SUN RECORDS Review: “Who They Were Meant to Be”


SUN RECORDS delivers a moment we’ve been waiting for when Elvis records his first hit in “Who They Were Meant to Be.”  Six episodes in, two left in the season, is the perfect time to have a little fun, unless we’re talking about Becky. At first, she calls Marion, her trusty friend, for guidance on names for their new baby. Sam records a spot for “Easy Pop” with Scotty Moore and Bill Black, but he has extra session time and asks them to record a song written by the Prisonaires. Moore and Black like the song, but neither of them are lead vocal material. Sam asks Marion to get someone in quick, someone who can carry a tune.

Marion calls Elvis who is excited and hurries into the studio. However, he’s nervous and pitchy with the song. Sam does his best to calm Elvis down. Moore and Black like Elvis, but they feel like it’s a waste of time. Before they are out the door completely, Elvis starts singing his version of “Blue Moon of Kentucky.” Sam likes what he hears and asks Moore and Black to stay and complete another session.

Sam rushes the record over to Dewey, who is on thin ice on his first day back from his suspension. Still, Dewey doesn’t have it in him to play it safe, he plays the track. People immediately respond, the station switchboard lights up with calls. Everyone wants to know who the singer is, but Dewey doesn’t know, Sam rushed a record with no label. The important thing is, this is the sound Sam’s been waiting for. Marion and Dewey agree Elvis is a fantastic discovery. Dewey questions him on the radio, live, where his shy nature works as a huge advantage. This is that moment where Elvis is really born. He both takes the world by storm and gets caught up in a world that ends up crushing him. This is the moment that sparks the whole ride.


Sam wants to tour Elvis and create a real demand for his record but he’s lean on funds and Elvis, just nineteen, needs the permission of his parents to hit the road. Sam pitches to Vernon and Gladys. Gladys wants Elvis to be happy and supports the dream, but Vernon is his usual angry pickle. Sam treads carefully and eventually gets them both to sign. Marion plays much harder-ball to get Earle to let her take a week off to hit the road with Sam and Elvis. Marion loves Sam, but she also really likes Earle. She’s giving him an honest shot and they make dinner planes for her return.

The tour gets off to a shaky start. Most disc jockeys won’t play Elvis for one reason or another; the recording quality isn’t great or it’s not their kind of programming. It takes a rainy day, a bottle of whiskey, and a little flirting from Marion to get the record a fair play. Becky blows a rod when she finds out Sam mortgaged the house to pay for the trip, but things start to look up when Marion sells a bunch of records to girls swooning over Elvis outside a record store. She gets her first big order from the owner.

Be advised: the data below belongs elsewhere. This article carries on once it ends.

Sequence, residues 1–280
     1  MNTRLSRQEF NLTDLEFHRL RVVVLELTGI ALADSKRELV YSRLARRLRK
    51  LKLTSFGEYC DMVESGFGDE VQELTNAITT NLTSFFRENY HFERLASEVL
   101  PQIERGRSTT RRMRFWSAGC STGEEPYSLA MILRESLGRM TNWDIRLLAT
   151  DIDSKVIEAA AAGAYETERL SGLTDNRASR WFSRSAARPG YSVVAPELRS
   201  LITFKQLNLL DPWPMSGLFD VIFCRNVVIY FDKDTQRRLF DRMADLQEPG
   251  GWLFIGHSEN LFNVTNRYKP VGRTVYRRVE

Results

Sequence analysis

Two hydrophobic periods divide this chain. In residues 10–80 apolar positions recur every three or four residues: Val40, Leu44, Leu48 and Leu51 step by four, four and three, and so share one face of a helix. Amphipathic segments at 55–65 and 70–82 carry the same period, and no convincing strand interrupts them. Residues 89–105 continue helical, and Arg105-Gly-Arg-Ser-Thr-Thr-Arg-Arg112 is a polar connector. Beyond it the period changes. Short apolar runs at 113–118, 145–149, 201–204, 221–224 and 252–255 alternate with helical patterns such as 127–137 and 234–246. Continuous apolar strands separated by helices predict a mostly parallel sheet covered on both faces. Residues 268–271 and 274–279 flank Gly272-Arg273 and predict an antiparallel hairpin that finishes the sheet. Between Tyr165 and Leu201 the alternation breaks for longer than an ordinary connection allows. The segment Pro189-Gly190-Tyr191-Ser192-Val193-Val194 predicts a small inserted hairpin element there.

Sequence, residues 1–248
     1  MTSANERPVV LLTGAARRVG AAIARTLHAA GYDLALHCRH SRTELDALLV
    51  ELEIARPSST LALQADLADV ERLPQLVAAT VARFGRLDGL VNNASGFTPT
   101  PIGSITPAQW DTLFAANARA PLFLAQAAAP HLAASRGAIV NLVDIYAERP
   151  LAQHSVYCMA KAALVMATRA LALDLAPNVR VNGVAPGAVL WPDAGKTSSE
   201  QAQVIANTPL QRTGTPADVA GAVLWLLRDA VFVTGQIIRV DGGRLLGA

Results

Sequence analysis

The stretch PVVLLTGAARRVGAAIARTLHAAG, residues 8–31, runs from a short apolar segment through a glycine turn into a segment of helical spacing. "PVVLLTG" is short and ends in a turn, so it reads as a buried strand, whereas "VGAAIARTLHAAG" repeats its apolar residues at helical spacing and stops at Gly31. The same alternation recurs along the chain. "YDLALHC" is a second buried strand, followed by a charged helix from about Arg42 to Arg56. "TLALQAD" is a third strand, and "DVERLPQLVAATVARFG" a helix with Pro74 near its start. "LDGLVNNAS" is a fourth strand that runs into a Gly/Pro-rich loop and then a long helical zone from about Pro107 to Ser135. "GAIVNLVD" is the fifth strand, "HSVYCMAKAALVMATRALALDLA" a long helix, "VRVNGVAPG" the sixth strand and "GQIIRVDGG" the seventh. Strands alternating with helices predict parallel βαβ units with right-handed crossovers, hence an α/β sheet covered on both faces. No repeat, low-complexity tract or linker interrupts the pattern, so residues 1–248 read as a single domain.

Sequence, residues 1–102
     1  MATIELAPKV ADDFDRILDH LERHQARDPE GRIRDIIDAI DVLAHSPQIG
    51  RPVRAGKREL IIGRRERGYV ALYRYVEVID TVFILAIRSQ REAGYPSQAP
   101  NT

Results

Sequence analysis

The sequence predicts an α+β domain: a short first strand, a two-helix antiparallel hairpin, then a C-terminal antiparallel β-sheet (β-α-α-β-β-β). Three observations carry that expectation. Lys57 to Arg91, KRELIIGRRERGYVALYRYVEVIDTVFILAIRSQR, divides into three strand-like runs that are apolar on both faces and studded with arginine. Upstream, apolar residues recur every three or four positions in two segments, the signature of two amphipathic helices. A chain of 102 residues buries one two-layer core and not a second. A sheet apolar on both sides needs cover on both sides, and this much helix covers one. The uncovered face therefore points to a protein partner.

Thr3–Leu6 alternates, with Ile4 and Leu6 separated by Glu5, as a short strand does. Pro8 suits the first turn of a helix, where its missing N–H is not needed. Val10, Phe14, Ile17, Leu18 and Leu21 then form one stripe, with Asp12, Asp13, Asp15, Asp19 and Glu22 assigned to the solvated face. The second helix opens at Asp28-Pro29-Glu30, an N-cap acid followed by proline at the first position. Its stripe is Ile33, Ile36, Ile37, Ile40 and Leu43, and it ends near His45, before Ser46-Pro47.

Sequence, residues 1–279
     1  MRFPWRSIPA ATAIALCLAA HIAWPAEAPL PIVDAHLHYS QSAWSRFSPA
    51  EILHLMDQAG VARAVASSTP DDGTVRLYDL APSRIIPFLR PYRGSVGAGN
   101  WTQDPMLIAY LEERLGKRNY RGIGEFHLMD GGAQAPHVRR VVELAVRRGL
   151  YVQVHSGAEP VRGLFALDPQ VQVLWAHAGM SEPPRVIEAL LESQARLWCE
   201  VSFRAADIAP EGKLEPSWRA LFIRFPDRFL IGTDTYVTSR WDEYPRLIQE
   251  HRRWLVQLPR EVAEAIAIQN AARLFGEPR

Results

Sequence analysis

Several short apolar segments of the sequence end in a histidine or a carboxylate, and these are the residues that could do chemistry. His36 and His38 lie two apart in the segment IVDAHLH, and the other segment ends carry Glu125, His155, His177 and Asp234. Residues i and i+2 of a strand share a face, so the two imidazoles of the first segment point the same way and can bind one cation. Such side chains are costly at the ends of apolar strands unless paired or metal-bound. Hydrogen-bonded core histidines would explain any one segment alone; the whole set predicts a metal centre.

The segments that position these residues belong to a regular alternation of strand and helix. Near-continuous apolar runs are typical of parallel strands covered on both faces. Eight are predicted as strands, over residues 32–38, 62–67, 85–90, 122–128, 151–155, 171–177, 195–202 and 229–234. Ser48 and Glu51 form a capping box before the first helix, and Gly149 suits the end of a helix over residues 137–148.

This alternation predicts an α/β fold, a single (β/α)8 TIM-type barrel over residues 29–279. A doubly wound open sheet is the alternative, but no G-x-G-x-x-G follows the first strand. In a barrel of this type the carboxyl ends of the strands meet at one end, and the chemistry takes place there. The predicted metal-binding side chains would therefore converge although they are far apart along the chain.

It’s a leap in the right direction but Sam knows he needs to find Elvis proper management who can get him on the Grand Ole Opry or the Hayride. Col. Parker is riding a huge losing streak but he gets an idea from a friendly prostitute. Her father sold a track of worthless land to the government for the new highway system. This gives Parker an opportunity, he asks his loan shark, Angelo, for another loan to put up the land money.  Angelo won’t lend Parker anymore, in fact, he takes most of what Parker has on hand to bring him current. Then, Angelo goes right to the BLM man and buys the land himself. However, the whole scam was set up by Parker and his friends. Angelo isn’t amused by the con and sends his goons to beat Parker as he bathes.


There still isn’t much movement for the other members of the Million Dollar Quartet. Johnny Cash suffers the loss of his best friend who gets hits by a car while standing on a street corner. This scene is like so many with Cash that appear only to remind us he’s part of the story, the future story anyway. Jerry Lee marries Peggy which upsets Jimmy Swaggart in another place-holding, who-cares scene. Later, we see Peggy telling Jerry Lee all she hopes for their marriage; home, children, and church. Meanwhile, Jerry Lee can’t take his eyes off the chest of every other girl in the soda shop. Sorry Peggy. It’s hard to imagine Jerry Lee and Johnny Cash making big turns for Sun Records in the final two episodes. They must be betting hard on a second season. If they do get another season, they have to do something about the pace.

Season 1, Episode 6 (S01E06)
Sun Records airs Thursdays at 10PM on CMT

Read all of our reviews of Sun Records here.
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Eric lives in a world where the television is great, the smiles are warm, the pizza is hot, the puppies are playful, and the zombies are slow and meander while he reloads.
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